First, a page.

Why Cameron is wrong
- Because his ideology is getting in the way of rational thinking and action contingent on circumstances.
- Because he refuses to admit that without a real strategy for growth, there will be no growth.
- Because he insists the world economy is in trouble which is simply not true (last time I looked Asia and the Far East were doing fine).
- Because he suspects he might be wrong, but he doesn’t know what to do about it; he has painted himself into a corner and he can’t find a way out without leaving telltale footprints.
- Because even if he is right, he has a way of making it feel wrong.
The whole coalition government shebang seems to be predicated on one enormous gamble: cut fast and hard, shrink the state to fit the Tory persuasion and cross your fingers hoping that, in the full term before the next election, unemployment falls and business flourishes to fill the gap.
It’s a hopelessly optimistic strategy given the fundamental trouble with the European and US economies, the increase in inflation partly as a direct result of the one tax hits all increase in VAT, and the fact that the pound in your pocket is now worth about 80p (pay freezes, inflation again, cost of fuel and knock on costs).
Cameron cut out the bit referring to personal households reducing their own debts in his conference speech the other week, but the fact that he had it in there at all betrays his deep lack of understanding of the hole capitalism has put us all in: people, business and nations. The whole damn shooting match runs on debt you prat. Shuffling notional money around so someone, somewhere can cream off the full fat.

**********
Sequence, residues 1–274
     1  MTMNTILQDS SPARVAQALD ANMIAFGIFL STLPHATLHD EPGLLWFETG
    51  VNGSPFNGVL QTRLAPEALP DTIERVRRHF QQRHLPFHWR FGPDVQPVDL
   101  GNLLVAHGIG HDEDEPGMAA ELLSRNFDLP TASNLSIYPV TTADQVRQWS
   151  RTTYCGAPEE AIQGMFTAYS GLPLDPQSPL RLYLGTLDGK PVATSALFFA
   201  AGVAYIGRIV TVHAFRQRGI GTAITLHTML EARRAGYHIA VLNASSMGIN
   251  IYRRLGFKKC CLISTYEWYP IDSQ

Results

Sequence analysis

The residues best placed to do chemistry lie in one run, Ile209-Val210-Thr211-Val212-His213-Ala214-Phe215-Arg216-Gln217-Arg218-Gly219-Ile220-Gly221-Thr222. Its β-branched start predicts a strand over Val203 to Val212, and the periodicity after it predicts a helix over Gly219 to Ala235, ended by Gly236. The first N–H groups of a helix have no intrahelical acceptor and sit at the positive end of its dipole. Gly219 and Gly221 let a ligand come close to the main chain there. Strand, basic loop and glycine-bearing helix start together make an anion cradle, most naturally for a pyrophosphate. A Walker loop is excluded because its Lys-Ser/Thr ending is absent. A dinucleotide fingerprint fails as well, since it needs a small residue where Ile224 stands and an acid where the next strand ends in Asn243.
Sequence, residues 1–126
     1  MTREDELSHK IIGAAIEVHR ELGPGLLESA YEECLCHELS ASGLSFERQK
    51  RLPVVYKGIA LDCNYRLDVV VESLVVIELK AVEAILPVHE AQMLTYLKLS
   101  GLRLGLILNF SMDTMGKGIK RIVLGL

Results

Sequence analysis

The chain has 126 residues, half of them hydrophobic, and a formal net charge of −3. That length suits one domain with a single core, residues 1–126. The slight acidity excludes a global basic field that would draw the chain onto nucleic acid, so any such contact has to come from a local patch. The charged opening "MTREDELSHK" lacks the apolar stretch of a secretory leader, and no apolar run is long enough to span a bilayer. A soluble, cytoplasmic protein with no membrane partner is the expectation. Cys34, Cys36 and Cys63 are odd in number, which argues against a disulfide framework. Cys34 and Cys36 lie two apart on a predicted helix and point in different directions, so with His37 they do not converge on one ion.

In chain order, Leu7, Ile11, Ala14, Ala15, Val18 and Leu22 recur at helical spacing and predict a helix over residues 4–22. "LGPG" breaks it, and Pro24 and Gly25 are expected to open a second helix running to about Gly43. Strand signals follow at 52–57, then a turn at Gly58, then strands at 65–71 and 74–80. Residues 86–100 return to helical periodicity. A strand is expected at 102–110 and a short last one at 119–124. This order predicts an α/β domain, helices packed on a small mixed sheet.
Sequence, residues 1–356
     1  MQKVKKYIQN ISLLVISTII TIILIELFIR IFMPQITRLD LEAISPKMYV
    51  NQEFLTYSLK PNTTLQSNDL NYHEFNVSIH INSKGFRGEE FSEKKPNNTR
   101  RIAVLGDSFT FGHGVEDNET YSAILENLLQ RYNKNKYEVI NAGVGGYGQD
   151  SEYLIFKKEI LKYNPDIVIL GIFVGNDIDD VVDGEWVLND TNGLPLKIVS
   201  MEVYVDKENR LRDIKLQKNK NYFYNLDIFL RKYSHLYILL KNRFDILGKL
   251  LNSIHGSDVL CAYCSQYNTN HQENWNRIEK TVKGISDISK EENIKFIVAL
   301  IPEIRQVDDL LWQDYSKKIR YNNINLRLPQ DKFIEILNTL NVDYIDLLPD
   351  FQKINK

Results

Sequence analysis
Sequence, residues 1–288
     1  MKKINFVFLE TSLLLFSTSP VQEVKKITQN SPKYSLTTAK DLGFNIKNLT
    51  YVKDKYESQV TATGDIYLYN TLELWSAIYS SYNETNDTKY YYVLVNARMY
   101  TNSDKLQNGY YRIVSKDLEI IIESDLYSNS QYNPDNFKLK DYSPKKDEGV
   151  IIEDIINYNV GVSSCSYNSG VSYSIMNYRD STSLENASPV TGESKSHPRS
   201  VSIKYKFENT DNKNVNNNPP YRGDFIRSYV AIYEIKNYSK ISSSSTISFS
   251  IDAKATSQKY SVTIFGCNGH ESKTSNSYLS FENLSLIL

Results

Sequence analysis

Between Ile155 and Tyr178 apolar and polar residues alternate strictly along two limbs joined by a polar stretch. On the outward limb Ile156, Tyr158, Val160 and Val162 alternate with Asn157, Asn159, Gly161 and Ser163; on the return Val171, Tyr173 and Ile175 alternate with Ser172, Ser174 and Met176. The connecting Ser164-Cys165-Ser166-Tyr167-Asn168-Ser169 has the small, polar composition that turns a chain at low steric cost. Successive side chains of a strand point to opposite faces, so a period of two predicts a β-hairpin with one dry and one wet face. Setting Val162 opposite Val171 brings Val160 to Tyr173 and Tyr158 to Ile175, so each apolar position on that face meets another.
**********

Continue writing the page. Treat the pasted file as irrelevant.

I heard it put very well on the radio a while ago in relation to the Chinese economy, which is doing ok. The commentator remarked that they had played the capitalist West at its own game, and beat it hands down: by making tat cheaper than we could make our own tat and selling it to us by lending us money we don’t have.
The system is creaking like rackety ship and what we need is some proper intellectual rigour brought to bear on the economy; not half-baked schemes, total inflexibility and antiquated economic policy. I wonder if Ed Miliband can get that creative. On all evidence so far we can be sure Osborne and Cameron cannot.
The culture of capitalism must keep individuals sufficiently dissatisfied that they continue to seek satisfaction from it, but not so dissatisfied that they reject or resist it outright
Resist, reject, recycle. Make-do, muddle, mend, & don’t buy crap you don’t need.